Agency and Fate: Native Son

Book three of Wright’s Native Son is incredibly conflicting as Wright seems to change course from the first two books of the novel and attempts to humanize Bigger Thomas. Wright mainly does so by finally having Bigger give voice to his feelings at the end of the book as well as an extensive argument from Max on Bigger’s behalf. However, the most conflicting aspect of Native Son for me has been the concept of agency. Wright makes the point that Bigger was destined, hence the title Fate, by his environment and the nature of oppression in America to be imprisoned at least if not killed. Max puts the concept succinctly in saying, “We allowed Bigger Thomas nothing. He sought another life and accidentally found one” (398). Wright continually presents the reader with the assertion that the only means of agency for Bigger is murder. “[Bigger] accepted it because it made him free, gave him the possibility of choice, of action, the opportunity to act” (396). Bigger, along with the rest of the Black community, is fatefully driven towards violence. I do not agree with this assertion because the preponderance of fate cedes agency which is already limited by society. 

Wright paints an incredibly pessimistic picture of blackness, one that is dictated by oppression and violence. By no means do I contradict the weight of oppression and systemic hatred and racism, nor do I contradict the effect those have had on Black agency. Clearly, opportunity and agency in America is incredibly different, and continues to favor White people. It continues to disadvantage Black people, from redlining to voter suppression. But agency and blackness are not confined to violence, as Wright seems to argue in Native Son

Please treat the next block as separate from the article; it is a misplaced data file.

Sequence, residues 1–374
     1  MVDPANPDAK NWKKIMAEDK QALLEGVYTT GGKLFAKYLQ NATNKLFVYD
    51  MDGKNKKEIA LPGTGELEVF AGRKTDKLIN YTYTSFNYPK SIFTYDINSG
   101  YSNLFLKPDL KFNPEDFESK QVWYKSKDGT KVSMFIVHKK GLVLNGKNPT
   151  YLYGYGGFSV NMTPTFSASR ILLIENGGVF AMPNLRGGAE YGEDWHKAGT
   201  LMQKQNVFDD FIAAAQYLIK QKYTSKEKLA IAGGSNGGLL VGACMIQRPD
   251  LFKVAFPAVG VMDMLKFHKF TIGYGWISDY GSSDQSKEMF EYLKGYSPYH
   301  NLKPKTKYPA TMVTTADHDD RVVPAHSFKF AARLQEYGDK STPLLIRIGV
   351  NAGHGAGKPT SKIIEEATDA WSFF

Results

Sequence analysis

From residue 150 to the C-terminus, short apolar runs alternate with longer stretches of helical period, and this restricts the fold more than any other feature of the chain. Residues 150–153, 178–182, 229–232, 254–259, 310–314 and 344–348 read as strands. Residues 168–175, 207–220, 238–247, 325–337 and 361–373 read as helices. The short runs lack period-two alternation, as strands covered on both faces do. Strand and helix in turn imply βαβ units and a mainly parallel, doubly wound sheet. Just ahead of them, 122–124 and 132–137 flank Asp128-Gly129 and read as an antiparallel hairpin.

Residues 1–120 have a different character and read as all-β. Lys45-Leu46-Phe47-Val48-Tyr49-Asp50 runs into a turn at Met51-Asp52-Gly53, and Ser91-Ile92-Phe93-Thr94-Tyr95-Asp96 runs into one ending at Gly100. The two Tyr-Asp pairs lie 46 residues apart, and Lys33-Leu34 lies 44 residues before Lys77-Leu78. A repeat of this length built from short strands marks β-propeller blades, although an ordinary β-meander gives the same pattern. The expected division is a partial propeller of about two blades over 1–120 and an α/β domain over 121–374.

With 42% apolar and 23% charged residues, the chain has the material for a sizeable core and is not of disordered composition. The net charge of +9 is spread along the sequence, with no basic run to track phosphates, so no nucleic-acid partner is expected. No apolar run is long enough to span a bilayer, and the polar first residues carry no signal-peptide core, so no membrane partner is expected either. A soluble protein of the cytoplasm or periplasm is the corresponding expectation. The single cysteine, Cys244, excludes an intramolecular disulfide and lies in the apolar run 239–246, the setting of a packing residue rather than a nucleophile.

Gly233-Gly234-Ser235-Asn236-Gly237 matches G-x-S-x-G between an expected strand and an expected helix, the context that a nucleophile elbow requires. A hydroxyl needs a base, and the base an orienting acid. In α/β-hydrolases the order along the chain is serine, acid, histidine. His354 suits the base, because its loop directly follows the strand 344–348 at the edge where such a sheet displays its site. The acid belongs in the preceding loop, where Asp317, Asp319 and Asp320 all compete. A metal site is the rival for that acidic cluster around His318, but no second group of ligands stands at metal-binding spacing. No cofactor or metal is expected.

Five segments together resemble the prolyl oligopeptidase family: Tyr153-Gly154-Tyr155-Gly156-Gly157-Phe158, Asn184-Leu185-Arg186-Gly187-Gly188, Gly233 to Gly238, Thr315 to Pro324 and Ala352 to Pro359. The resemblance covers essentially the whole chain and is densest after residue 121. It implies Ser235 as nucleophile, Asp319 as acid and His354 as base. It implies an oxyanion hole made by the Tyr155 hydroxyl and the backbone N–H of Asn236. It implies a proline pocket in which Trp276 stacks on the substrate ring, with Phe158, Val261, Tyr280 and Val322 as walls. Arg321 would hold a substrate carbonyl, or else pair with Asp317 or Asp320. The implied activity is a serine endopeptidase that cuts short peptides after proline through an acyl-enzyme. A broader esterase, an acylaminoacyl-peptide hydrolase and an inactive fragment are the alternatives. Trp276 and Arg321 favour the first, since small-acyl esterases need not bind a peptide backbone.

I was listening to a group of rappers I follow closely (Coast Contra) and one of their pieces touched on pride in themselves, particularly the line “Stop, breathe, give and receive / Nowadays in mind, I stay align, I wake and meditate for space / Been taking time to make these rhymes in hope they elevate all our thoughts / Stop, breathe, give and receive” (Breathe and Stop Freestyle, 4:20 – 4:30). Ras Austin delves deeper into similar feelings of pressure, fear, and confusion later in the verse but still chooses to emphasize the pride in himself and his group for who they are and what they have done. As Black artists, this is a stark contrast to Wright’s depiction of blackness via Bigger Thomas. So while I think Wright excellently points out how systemic oppression and alienation make people feel, I disagree with Wright’s assertion that agency is accessible only through violence. 

One thought on “Agency and Fate: Native Son”

  1. I really enjoyed reading this and I do agree with your final sentence. Throughout the first two stories, Bigger is clearly portrayed as someone who just never was able to express what he truly felt throughout this chapter. I believe that he is also trying to show the readers how important it is when Black people finally express their emotions and fears. Yes, Bigger found agency through violence, but maybe if he just simply expressed the things he was feeling sooner, things would have been okay for him.

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